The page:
The Estimation Jar- A wonderful suggestion from my daughter’s teacher and something I used to do when I taught kindergarten. Put a select number of the same item in a jar and have your child estimate how many items are inside. My daughter wrote her estimation on a chart, opened up the jar and counted the items and then recorded the answer. She was only one off! This is a great activity to build on estimation, counting and number writing and we are making the estimation jar part of our daily routine.
Chickens Aren’t the Only Ones– One of my favorite science books for young children is Chickens Aren’t the Only Ones by Ruth Keller. The book introduces readers to the wide variety of oviparous (egg laying) animals in the world. We watched an episode of Reading Rainbow on YouTube that highlighted the book. CLICK HERE to watch. We also read the book The Egg, a Scholastic Discovery Book. Oviparous or NOT Oviparous Game– I created a game out of a worksheet and plastic eggs. I used this Oviparous Animal Sort I found for free and cut out the animals, putting a circle around the oviparous animals to make them look like they were inside an egg. Then I took plastic eggs and wrote a different animal on each egg, placing the corresponding animal inside. Some eggs contained an oviparous and some were mammals. My daughter took an egg from the basket and had to tell if it was oviparous or a mammal and then she opened up the egg to check her answer. The whale was the only animal that tricked her. She thought it was oviparous but a whale is a mammal and has its babies born alive and well. Egg Shake, What Is the Sound- I filled plastic eggs with various things I found around the house (rice, macaroni, pennies flour, jelly beans, goldfish crackers, cotton balls) and my daughter shook each egg, making a guess as to what was inside. I made a chart that showed the possibilities. After she made her predications she opened up the eggs to check them. Egg Patterning– Another EGGcellent suggestion for her teacher was egg patterning. I traced Easter egg shapes on index cards and colored the tops and bottoms to match eggs I had on hand. Separate the eggs and match them to the mixed up egg drawings. After my daughter completed my mixed up eggs, I gave her some blank egg patterns on index cards and she created patterns for me to solve.Jesus Time– Our early childhood director put together some valuable Holy Week resources. We watched a video about Jesus washing his disciples feet. CLICK HERE to view. Then we sang along to “What a Mighty God We Serve!’ CLICK HERE to view the song. We also used our Holy Week retelling cards to review the events that led up to Easter morning.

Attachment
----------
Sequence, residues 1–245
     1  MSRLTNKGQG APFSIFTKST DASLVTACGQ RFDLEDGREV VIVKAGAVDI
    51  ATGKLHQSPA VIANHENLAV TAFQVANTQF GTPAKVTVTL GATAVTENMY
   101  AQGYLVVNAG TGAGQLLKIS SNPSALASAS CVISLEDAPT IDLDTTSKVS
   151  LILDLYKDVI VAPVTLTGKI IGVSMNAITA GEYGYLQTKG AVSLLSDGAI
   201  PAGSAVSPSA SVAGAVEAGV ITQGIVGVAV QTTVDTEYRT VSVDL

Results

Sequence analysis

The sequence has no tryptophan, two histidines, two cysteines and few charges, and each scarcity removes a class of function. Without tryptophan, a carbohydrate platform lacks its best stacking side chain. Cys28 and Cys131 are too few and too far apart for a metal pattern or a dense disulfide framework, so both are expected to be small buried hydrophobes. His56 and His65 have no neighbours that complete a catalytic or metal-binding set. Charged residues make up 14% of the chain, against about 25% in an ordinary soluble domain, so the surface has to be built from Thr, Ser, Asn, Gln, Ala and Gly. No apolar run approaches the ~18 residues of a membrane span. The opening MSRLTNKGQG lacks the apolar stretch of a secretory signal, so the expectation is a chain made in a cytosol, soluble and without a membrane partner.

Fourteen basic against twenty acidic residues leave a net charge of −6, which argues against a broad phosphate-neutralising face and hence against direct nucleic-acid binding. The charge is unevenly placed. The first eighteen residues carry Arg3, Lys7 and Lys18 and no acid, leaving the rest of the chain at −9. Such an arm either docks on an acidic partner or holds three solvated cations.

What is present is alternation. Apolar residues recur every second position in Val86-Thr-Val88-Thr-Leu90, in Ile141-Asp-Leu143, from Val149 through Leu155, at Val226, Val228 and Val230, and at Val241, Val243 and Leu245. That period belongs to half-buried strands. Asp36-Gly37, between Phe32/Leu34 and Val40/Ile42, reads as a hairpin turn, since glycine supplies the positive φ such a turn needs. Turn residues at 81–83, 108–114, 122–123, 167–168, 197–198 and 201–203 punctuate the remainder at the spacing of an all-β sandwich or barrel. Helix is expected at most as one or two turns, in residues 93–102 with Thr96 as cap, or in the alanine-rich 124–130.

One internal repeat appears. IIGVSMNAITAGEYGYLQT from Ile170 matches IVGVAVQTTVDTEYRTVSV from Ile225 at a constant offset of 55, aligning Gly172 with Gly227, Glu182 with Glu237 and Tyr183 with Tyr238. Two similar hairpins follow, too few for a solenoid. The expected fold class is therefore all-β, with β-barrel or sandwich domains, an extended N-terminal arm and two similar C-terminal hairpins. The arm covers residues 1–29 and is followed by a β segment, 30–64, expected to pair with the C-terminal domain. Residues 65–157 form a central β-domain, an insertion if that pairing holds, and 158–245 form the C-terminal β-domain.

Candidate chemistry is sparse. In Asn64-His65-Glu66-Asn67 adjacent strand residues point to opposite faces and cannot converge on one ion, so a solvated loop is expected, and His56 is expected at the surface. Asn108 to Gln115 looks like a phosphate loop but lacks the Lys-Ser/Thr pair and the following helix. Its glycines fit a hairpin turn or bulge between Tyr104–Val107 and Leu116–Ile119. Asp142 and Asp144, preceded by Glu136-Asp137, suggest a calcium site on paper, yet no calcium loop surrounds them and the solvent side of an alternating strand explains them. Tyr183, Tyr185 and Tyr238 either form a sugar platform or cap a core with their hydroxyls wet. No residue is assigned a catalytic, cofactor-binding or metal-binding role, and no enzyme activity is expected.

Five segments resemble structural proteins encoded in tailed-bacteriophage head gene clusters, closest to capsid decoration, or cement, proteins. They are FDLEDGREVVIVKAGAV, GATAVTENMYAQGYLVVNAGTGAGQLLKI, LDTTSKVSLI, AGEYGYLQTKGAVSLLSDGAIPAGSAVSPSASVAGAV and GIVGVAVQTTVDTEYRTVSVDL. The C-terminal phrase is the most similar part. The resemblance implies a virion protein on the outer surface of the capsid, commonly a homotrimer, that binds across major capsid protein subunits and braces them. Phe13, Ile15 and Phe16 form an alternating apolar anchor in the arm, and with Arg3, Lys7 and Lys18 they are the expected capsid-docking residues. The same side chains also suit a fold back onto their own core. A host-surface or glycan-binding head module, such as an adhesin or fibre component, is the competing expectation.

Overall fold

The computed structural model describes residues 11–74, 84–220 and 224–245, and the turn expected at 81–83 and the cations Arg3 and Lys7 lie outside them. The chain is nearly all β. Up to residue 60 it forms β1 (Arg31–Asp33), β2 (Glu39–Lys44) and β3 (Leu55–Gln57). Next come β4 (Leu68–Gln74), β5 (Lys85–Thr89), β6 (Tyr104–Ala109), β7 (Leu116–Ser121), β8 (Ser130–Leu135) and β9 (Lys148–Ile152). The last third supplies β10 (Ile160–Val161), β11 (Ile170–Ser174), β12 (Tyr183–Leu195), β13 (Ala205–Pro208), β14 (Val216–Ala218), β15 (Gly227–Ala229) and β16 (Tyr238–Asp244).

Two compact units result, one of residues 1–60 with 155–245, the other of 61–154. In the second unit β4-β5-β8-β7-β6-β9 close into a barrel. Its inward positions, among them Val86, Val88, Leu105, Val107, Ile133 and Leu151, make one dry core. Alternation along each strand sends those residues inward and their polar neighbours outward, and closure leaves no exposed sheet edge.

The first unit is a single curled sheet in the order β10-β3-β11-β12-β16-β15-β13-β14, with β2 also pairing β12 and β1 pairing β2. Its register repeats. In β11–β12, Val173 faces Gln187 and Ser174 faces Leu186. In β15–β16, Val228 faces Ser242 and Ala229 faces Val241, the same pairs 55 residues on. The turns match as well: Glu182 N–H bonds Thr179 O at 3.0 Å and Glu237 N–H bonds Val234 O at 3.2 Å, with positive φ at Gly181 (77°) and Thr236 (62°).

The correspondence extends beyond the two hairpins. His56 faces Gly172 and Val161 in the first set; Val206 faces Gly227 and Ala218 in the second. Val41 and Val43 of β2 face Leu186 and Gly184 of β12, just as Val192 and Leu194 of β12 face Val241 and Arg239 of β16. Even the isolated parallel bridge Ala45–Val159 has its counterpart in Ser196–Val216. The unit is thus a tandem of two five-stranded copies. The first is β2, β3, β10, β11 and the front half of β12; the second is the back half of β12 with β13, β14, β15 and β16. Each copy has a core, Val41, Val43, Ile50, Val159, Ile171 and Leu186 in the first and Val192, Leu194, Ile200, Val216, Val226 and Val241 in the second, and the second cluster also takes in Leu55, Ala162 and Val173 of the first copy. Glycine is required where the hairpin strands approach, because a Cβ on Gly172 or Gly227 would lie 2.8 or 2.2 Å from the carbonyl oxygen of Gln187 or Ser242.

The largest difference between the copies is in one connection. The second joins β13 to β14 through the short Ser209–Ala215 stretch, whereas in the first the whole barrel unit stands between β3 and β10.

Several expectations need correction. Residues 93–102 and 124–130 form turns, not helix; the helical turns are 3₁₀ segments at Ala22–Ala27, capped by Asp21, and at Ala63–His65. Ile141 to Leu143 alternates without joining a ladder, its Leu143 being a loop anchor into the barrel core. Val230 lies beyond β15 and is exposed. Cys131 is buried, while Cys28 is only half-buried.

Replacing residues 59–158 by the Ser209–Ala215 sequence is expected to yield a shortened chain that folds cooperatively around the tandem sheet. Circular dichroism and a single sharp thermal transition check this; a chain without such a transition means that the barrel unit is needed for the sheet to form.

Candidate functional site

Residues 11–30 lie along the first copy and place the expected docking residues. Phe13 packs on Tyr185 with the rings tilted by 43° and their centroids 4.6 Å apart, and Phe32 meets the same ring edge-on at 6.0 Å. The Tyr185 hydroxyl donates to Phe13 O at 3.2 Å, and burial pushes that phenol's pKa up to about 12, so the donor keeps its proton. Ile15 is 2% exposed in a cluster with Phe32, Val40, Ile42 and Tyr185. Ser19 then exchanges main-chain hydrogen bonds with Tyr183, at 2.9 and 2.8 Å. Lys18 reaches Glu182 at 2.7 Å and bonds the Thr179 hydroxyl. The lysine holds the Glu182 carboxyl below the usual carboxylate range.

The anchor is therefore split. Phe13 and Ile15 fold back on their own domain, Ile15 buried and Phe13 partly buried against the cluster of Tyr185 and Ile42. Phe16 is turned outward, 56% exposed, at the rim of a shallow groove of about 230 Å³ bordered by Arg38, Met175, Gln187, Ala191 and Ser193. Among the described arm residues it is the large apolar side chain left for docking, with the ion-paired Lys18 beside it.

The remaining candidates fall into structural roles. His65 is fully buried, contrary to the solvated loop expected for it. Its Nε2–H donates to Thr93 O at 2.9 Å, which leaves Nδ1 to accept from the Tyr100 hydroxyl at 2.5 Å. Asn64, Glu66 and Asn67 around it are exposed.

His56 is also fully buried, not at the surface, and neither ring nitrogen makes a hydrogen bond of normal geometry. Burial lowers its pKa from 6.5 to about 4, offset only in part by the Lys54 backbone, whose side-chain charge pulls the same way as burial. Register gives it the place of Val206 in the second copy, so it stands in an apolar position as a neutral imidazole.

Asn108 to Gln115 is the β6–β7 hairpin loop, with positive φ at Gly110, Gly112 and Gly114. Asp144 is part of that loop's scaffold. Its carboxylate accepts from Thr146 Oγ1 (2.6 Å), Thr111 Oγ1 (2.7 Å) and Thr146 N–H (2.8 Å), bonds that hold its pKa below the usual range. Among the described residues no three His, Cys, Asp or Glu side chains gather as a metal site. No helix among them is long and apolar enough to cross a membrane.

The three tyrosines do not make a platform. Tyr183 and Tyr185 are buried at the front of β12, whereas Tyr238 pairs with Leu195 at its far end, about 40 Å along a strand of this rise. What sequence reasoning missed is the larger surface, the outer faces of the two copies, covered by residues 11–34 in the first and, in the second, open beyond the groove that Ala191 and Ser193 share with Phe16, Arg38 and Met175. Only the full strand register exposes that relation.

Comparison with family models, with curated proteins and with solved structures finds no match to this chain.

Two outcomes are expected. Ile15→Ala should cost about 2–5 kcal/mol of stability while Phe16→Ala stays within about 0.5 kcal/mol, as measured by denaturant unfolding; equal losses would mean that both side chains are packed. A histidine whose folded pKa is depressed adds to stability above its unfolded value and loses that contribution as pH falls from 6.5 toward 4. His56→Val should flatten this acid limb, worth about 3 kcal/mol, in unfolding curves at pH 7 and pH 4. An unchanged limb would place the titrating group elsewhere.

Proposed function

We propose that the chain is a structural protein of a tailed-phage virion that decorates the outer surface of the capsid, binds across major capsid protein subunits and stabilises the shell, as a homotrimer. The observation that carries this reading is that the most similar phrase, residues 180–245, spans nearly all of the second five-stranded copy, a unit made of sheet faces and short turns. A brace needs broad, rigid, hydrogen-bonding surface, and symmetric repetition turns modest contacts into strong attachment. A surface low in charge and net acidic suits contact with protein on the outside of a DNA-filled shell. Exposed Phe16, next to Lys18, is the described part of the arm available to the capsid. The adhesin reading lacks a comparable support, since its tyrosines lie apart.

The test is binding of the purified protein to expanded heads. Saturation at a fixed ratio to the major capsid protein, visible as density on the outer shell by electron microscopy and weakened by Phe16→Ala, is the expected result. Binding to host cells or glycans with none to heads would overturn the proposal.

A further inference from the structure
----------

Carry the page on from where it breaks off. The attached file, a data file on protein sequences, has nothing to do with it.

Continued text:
Good Night Moon– Before bed we viewed and talked about the full “Pink Moon” in the sky tonight.While it did not actually appear pink, it was the closest, biggest and brightest Full Moon of the year! A reading of Good Night Moon by Margaret Wise Brown. “Good night stars, good night air, good night noises everywhere.”